The NHS is said to be in crisis. For the whole of this week the BBC has led its news broadcasts with stories about that crisis.
No one can get a GP’s appointment. A & E departments take well over four hours to see patients. Beds in hospitals are being blocked by old people who don’t need to be in hospital. Hospitals are having to make disagreeable value judgments, based on things like “life style” rather than clinical need, when deciding whom they are prepared to treat.
The reason for this crisis, the BBC tells us, is that not enough taxpayers’ money is being ploughed into the NHS. Nothing else is wrong with the service: all comes down to money.
The BBC is then accused of bias: it is attacking a Tory government for being too mean (even though all Tory governments tend to spend more on the NHS than do Labour governments).
But what else are the BBC journalists meant to think? How many serious politicians can you name who would dare to suggest that the model created in 1948 (free at the point of use, all funding to be provided by taxpayers, no element of insurance funding, everyone to be employed by the state) is not perfect?
The Labour Party is wedded to the 1948 model. Any Labour member who ventured to suggest that we might learn from other countries, countries with much better health provision, would probably be expelled from the party.
But the Conservative Party is no better. Tories are petrified of being accused of trying to destroy the “envy of the world” (what nonsense that expression is). So they all subscribe to the Labour view that the NHS is perfect and that all it needs is more taxpayers’ money.
I haven’t, I confess, studied the Lib Dems’ or Ukip’s policies on the NHS, but I would be prepared to bet that they go along with Labour and the Tories.
In those circumstances it strikes me as being grossly unjust to say that the BBC is biased when it tells us, night after night, that all the NHS needs in order to overcome its crisis is lots more taxpayers’ money. It is just saying what all the main political parties are saying. Why should it go out on a limb and suggest there might be solutions which Mrs May, Mr Corbyn and Mr Farron would all denounce as being evil?
Last night the BBC told us how wonderful the German health service was compared to ours. Per capita spending on health was a lot higher. Waiting lists were almost unheard of. There were masses of empty beds in hospitals. What it did not say was that Germany has a large element of insurance funding and that it does not insist that the state should run every hospital (we may be a bit mean on budgets but we can at least claim that the NHS is the largest employer in Europe). But why should the BBC point out those facts? No British politician thinks them to be of any importance at all. The BBC is there to report, not to be a think tank proposing radical solutions.
Some of the reporting has, it must be admitted, been a little misleading. All nurses are said to be angels (they don’t hang around at their “station” gossiping and drinking tea while patients are desperately trying to get their attention). A & E doctors and nurses, of course, rush from new patient to new patient without ever taking half an hour to have a chat and a giggle with colleagues. Administration is faultless (who could ever claim, other than me, to have received letters advising of appointments with consultants several days after the dates of the appointments?). But that is inevitable. As soon as the cameras appear the staff are bound to be on their best behaviour. Why should the BBC know it is just a show?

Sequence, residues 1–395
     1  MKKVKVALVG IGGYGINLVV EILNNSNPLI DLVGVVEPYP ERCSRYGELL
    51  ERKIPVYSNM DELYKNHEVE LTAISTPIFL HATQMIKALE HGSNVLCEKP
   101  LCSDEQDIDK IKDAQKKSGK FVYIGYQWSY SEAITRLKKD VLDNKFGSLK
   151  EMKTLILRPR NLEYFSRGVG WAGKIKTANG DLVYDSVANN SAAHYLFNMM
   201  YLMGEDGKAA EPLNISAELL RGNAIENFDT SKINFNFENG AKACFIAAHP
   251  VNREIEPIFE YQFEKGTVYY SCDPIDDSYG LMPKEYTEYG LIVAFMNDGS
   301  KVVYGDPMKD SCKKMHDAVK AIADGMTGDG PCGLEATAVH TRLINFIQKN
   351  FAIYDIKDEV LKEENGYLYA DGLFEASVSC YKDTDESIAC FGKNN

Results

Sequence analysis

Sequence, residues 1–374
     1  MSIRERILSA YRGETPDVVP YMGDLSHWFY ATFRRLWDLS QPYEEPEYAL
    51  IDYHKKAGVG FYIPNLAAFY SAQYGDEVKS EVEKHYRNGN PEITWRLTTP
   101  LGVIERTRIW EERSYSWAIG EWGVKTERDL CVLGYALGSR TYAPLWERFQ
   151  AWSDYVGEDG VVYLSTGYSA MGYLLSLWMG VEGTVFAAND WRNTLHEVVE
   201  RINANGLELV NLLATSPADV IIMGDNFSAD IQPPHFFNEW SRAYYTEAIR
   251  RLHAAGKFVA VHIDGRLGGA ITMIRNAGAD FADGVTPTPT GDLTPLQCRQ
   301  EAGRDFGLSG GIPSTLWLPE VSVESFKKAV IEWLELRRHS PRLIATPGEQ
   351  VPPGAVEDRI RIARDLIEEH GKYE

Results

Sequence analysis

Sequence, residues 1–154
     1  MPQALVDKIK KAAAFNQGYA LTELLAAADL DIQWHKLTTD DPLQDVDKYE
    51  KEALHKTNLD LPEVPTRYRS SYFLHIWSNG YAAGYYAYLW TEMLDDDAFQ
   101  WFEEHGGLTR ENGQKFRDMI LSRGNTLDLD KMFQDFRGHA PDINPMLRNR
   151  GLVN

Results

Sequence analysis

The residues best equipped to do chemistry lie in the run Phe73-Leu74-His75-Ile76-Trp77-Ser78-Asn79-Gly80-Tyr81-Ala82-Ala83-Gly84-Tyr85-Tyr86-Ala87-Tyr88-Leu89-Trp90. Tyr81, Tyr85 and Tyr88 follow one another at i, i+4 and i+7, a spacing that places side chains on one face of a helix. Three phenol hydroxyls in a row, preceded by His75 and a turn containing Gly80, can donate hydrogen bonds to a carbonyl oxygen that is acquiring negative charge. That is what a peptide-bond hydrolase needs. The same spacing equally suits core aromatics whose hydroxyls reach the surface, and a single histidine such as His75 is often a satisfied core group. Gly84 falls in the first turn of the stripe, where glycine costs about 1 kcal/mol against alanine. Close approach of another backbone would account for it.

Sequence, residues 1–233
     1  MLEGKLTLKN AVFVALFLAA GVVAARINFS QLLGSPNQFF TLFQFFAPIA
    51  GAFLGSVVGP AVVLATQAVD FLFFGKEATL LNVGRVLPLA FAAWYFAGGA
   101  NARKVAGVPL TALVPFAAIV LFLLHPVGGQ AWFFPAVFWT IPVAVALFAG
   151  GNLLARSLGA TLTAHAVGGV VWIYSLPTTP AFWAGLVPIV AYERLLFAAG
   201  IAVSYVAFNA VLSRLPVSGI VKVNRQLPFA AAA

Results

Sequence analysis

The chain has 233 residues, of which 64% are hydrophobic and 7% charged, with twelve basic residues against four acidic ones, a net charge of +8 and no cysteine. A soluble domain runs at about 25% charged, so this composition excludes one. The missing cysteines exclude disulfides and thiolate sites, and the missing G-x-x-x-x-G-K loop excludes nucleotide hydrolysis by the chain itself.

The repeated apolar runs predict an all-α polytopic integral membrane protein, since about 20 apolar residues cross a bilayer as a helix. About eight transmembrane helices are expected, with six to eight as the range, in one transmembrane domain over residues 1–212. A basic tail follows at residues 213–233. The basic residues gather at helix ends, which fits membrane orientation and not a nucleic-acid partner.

And, anyway, most doctors and nurses in the NHS are excellent. My own, regrettably rather extensive, experience is that medical and nursing (during the day) staff are brilliant. The nurses on night shifts tend not to be very committed, but that is probably because many of them are provided by agencies. Administration (despite – or perhaps because of – the fact we have more administrators than do any comparable countries) is deplorable.
The BBC should probably have pointed out some of the failings. But, as I say, those may not have been apparent once the cameras appeared. And I am sure the omission was not brought about by political bias.
Any sane and disinterested observer would be bound to conclude that the 1948 NHS model is far from being perfect. I don’t think there is any other developed country of any size which has a monolithic state employed health service. Most civilised countries accept that the providers should not be arms of the state, though they may be funded by the state. Pretty well all other countries use private as well as public money to fund health services. Yes, it would have been amusing to see the BBC pointing out these things. But how can it be said to be bias on the part of the BBC that it has gone along with the view of all the politicians that the only problem with the NHS is that it doesn’t get enough money from the taxpayers?
The real problem is that no political party is prepared to allow its members to indulge in what I gather is known as “blue-sky thinking” about the NHS. Labour, because it can claim to have founded the NHS, can, perhaps, be excused. It is a conservative (note the small c) party. For nearly seventy years it has proudly boasted that it created the “envy of the world”. It would be asking rather too much of Labour to expect it to see any fault in its creation. But there really is no reason why the Tories should not consider radical reform, other than their terror of being accused of seeking to destroy a national treasure.
In the meantime, we must put up with a failing health service. But we would be wrong to blame the BBC.